Scarlet Ibis Symbolism

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The author of The “Scarlet Ibis”, James Hurst, symbolizes Doodle with the scarlet ibis in a number of different ways. To begin, when describing the looks of the scarlet ibis, the author writes, “At that moment the bird began to flutter, but the wings were uncoordinated, and amid much flapping and a spray of flying feathers, it tumbled down, bumping through the limbs of the bleeding tree and landing at our feet with a thud.” With this description, the reader pictures the bird limp and lifeless on the ground in a mangled heap. The bird bleeds as it falls out of the tree, as it helplessly descends from the branch. The author describes Doodle in much the same way, and he uses some of the same words to do so when he writes, “Limply, he fell backwards onto the earth. He…show more content…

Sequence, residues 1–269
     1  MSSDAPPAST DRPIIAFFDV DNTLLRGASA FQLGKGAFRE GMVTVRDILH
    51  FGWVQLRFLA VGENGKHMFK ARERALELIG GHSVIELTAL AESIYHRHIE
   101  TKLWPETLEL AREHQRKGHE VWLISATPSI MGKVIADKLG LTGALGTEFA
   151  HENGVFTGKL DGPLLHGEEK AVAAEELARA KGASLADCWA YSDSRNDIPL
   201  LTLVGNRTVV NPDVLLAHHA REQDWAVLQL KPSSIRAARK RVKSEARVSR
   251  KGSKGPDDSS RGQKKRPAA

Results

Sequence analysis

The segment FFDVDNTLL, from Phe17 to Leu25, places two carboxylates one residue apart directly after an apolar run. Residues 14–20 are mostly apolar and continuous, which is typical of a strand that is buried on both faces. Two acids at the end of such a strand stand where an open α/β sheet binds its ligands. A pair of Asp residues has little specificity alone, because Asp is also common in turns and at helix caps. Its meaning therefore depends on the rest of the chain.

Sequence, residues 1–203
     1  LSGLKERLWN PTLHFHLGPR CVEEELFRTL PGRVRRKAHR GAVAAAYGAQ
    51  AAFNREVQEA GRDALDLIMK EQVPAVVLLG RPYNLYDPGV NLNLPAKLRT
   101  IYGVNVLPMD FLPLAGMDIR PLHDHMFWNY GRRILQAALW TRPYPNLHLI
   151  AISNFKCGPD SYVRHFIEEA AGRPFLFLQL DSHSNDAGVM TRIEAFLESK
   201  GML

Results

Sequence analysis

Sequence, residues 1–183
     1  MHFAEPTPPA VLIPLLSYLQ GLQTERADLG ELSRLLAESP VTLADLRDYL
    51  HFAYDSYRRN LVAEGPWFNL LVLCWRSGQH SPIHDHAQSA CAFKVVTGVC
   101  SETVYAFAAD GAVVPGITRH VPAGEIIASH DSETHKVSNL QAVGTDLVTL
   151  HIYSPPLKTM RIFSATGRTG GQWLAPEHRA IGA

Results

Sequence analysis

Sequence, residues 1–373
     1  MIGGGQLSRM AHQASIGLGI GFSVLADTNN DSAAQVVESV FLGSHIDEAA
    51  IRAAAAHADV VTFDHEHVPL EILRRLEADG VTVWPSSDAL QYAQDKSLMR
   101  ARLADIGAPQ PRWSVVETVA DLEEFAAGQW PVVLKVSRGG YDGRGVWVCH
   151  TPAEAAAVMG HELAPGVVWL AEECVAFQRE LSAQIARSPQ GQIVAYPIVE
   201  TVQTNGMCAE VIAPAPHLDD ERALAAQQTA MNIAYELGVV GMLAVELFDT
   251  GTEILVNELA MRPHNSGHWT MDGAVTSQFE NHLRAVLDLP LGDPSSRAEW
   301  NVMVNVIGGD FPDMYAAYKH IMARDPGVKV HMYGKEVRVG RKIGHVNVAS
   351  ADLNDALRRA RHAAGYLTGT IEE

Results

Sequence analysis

His little legs, bent sharply at the knees, had never before seemed so fragile, so thin.” The author describes Doodle very similarly. He explains in detail, the limpness of Doodle’s limbs, just as the scarlet ibis. Also, Hurst uses the word, limp, in both descriptions to describe the bird and Doodle, and he also describes, in detail, the bloodiness of each of their bodies. To continue, Doodle seems very sorrowful, much more sorrowful than his family, after the scarlet ibis shows up in their yard. After the scarlet ibis died, Doodle claims that he wants to bury it, but his mom doesn’t allow him to touch the bird. Doodle finds a way to bury the scarlet ibis anyway. The author writes, “He took out a piece of string from his pocket and, without touching the ibis, looped one end around its neck. Slowly, while singing softly "Shall We Gather at the River," he carried the bird around to the front yard and dug a hole in the flower garden, next to the petunia bed.” This introduces the correlation between the scarlet ibis and Doodle, because of how intrigued and how much he cares about the scarlet
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